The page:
Lieven Lefere (b. 1978, Roeselare, BE) is an artist who plays with the complex relationship between reality and the photographic image.

Lefere is extremely meticulous in his work and his process is remarkably slow. With great care, he manipulates all the parameters that make a photograph what it is. His process often starts months before the picture is taken. The first step is to conduct extensive research, drawing on myriad points of reference. Sometimes he builds his own sets and scenery based either on his research or on his memories. He constructs his images with a certain scale and framing in mind, models the space, makes maquettes, decides how he wants the light to fall on the scene. After shooting, if the sets are not incorporated into the artwork as a spatial element, then they are either destroyed or put into storage.

It is not uncommon for Lefere to draw inspiration from existing (re)constructions of reality, actively seeking out collaborations with scientists. He produced one such series of works based on the research of Dr. Martin Smith, Professor of Forensic and Biological Anthropology at Bournemouth University. For a number of works inspired by Van Eyck, Lefere drew on architect Patrick Seurinck’s doctoral research on perspective in art. In this way Lefere stretches the limits of photography. His work can be alienating at first glance: are we looking at a painting, a photograph or perhaps a simulation?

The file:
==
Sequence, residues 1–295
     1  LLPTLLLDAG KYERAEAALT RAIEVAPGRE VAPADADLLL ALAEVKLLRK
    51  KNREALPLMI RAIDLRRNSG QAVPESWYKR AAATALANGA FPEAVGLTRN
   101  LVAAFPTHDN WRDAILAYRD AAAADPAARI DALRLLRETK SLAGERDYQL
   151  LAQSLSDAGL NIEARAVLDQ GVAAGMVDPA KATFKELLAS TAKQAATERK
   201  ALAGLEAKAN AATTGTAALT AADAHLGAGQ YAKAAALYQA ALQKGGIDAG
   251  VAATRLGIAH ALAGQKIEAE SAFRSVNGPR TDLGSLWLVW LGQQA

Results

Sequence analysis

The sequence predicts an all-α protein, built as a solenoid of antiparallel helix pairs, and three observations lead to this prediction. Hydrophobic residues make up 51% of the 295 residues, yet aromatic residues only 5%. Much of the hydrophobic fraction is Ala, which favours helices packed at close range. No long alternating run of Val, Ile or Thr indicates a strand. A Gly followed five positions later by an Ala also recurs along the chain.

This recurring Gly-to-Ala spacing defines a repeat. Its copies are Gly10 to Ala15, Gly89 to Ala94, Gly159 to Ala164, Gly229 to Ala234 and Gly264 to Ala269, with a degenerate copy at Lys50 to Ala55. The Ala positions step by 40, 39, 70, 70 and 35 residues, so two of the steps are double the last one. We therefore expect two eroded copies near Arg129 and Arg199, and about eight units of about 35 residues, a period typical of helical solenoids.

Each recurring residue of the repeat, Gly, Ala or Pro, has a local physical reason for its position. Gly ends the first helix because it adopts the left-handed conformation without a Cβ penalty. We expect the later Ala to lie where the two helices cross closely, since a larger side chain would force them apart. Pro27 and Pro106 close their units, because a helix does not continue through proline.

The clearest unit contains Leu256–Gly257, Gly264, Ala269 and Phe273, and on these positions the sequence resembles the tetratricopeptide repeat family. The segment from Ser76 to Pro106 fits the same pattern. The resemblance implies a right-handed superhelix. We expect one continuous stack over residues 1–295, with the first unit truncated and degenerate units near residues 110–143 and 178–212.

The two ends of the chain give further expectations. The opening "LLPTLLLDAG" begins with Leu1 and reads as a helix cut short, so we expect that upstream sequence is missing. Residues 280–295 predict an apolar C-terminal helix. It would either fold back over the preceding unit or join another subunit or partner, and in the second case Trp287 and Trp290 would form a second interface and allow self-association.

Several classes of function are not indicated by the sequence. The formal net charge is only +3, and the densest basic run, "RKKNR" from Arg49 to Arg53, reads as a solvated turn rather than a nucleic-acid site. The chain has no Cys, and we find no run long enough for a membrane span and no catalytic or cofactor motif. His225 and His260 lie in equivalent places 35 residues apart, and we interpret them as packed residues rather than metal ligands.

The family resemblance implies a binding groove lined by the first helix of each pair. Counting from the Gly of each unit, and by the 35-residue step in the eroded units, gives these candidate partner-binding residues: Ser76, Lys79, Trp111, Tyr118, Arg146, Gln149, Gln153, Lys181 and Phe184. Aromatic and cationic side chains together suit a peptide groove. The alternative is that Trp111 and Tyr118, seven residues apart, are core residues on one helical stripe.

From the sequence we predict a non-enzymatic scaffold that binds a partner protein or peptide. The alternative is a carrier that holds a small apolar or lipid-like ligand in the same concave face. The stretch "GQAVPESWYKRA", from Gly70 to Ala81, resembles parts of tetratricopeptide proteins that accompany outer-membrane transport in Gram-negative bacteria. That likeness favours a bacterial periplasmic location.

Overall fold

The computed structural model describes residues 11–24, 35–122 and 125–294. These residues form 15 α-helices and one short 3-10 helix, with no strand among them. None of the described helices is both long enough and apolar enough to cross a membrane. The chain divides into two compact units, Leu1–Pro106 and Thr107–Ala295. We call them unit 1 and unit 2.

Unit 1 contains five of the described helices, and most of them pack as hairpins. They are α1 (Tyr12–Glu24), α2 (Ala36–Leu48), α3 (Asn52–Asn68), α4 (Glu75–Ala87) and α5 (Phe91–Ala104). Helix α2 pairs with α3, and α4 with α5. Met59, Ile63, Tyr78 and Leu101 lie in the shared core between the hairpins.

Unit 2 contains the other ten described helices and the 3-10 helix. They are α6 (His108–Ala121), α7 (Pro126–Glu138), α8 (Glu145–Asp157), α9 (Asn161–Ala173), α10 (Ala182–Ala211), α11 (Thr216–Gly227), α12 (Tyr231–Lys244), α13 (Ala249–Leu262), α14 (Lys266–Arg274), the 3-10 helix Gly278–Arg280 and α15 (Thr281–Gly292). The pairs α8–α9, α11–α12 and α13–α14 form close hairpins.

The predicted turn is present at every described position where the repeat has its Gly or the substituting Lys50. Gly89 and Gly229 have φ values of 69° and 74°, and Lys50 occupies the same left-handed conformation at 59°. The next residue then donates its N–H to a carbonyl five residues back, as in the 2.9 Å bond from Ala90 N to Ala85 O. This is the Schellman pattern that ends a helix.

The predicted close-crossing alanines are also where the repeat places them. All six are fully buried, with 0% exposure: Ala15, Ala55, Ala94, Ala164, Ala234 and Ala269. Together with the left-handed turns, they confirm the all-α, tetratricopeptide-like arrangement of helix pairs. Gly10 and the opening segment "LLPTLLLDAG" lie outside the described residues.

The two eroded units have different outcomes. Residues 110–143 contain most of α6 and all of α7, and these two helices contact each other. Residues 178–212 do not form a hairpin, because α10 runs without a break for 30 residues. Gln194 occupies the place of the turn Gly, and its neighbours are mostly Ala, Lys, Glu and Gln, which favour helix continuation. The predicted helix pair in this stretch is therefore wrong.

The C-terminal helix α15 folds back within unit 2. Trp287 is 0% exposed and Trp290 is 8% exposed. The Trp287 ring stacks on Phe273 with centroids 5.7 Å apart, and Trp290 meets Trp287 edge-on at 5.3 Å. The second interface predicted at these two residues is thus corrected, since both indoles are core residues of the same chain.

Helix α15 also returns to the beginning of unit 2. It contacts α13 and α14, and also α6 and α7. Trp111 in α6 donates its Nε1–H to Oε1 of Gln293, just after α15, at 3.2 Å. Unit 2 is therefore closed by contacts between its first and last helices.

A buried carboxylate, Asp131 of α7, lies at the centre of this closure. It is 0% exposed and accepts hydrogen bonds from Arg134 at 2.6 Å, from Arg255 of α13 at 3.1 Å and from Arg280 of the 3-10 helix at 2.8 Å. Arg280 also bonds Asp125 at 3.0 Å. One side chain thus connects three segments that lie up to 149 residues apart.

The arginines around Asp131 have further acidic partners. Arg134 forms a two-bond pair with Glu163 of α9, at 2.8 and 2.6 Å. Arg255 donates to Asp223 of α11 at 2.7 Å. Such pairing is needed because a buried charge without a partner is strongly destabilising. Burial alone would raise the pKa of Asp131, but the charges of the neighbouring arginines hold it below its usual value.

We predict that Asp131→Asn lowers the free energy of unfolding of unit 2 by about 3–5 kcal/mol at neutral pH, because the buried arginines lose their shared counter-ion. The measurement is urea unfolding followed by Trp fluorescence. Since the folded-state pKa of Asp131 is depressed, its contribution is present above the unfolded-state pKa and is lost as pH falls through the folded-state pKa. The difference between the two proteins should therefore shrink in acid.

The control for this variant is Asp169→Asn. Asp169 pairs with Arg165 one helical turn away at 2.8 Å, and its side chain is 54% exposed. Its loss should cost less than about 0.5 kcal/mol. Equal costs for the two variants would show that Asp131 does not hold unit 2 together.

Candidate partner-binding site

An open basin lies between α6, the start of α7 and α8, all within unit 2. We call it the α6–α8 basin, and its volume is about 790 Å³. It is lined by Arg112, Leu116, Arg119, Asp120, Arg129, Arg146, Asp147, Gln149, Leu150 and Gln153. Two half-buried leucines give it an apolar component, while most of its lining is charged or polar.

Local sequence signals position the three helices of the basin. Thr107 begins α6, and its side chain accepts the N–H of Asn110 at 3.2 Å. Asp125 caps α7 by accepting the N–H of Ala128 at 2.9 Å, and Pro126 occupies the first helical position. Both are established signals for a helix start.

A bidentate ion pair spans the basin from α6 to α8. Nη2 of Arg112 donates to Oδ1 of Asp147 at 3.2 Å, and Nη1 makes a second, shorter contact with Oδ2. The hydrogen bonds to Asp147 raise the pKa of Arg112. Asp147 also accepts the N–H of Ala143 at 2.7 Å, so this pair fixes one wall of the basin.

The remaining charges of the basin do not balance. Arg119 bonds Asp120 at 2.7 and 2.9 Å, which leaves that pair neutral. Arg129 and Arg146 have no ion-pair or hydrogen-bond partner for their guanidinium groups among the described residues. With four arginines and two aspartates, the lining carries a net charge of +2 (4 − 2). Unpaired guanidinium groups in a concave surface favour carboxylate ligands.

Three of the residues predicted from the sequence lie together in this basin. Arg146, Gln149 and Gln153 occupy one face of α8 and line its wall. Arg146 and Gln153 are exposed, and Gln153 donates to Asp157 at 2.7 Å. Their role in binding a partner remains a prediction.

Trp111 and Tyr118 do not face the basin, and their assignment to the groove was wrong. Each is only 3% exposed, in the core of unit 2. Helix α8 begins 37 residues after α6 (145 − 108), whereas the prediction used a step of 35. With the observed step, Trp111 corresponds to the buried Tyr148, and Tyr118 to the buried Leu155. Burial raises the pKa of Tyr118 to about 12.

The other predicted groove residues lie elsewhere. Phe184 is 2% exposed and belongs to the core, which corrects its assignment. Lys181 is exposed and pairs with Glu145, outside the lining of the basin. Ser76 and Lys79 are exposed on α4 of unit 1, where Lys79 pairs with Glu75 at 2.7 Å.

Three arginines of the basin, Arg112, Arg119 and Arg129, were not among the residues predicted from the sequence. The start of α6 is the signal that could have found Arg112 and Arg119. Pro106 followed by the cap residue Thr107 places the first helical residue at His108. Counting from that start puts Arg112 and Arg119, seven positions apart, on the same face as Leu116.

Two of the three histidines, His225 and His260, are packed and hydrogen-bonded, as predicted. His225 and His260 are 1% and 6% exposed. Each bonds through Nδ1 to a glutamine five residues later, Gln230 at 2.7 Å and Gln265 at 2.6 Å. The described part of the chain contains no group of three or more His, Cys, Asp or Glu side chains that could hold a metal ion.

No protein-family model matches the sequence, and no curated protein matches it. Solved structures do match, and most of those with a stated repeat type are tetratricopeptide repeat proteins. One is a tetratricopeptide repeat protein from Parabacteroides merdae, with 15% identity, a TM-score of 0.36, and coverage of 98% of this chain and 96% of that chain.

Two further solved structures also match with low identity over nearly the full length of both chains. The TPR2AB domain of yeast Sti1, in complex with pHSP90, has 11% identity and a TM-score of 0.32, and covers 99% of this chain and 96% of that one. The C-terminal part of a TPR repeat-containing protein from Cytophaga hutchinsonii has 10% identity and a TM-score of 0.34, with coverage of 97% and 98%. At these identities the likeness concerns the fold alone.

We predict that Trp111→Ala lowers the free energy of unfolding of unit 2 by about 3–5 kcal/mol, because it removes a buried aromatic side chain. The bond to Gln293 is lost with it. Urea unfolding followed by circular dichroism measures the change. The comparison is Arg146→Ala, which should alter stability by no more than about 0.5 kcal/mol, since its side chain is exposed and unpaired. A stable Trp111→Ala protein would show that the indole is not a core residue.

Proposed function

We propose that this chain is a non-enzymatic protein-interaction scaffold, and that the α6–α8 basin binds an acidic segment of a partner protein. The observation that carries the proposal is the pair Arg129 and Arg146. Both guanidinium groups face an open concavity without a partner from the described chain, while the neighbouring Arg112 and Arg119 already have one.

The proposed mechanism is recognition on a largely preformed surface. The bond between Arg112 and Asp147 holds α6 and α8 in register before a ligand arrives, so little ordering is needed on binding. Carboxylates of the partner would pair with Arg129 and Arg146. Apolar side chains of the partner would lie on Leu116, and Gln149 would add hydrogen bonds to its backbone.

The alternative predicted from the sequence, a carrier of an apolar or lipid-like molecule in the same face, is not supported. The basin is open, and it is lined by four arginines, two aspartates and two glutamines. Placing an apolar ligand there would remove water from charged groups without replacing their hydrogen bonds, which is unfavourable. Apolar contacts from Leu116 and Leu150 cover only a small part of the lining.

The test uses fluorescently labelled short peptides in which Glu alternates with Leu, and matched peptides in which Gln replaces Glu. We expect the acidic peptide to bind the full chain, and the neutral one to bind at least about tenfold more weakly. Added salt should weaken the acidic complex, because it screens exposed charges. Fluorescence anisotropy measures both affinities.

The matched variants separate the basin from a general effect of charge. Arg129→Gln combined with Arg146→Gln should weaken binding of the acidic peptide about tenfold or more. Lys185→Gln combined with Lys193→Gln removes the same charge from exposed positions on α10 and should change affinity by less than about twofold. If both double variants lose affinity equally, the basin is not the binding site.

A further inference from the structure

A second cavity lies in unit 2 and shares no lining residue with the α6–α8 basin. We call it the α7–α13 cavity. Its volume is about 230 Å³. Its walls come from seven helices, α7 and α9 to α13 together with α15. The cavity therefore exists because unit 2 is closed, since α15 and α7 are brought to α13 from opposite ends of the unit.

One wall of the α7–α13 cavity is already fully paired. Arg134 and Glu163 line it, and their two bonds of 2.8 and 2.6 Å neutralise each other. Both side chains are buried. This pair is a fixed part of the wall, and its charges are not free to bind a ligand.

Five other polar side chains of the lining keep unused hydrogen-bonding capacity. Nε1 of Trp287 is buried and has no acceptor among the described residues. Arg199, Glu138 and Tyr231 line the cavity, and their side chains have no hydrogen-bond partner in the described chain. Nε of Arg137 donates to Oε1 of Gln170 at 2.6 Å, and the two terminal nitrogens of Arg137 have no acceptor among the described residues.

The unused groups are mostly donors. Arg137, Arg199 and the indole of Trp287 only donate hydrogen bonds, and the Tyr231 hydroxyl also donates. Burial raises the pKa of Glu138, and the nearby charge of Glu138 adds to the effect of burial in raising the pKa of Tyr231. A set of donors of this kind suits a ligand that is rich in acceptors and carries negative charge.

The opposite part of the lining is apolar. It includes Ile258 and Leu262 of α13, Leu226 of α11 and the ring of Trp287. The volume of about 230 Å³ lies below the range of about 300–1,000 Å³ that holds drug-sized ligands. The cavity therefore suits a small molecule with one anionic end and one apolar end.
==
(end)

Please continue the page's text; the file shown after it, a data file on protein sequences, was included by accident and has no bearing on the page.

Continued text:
Lefere creates a unique atmosphere in his images, which far transcend photography of the purely documentary kind, depicting reality in a similar way to how it appears in painting or architecture. The absence of human figures and his fascination with impermanence reinforce that atmosphere. In Lefere’s work, time seems manipulated: delayed, frozen or even absent.

Due to his approach, Lefere’s images are always developed over an extended period of time. This protracted process yields highly layered images that are charged with meaning and require patience to decipher. They are the antithesis of what we usually associate with photography: more a constructed intention than a slice of life, more monument than snapshot. Cryptic, evocative and alienating all at once.

Text by Tim Vanheers, 2022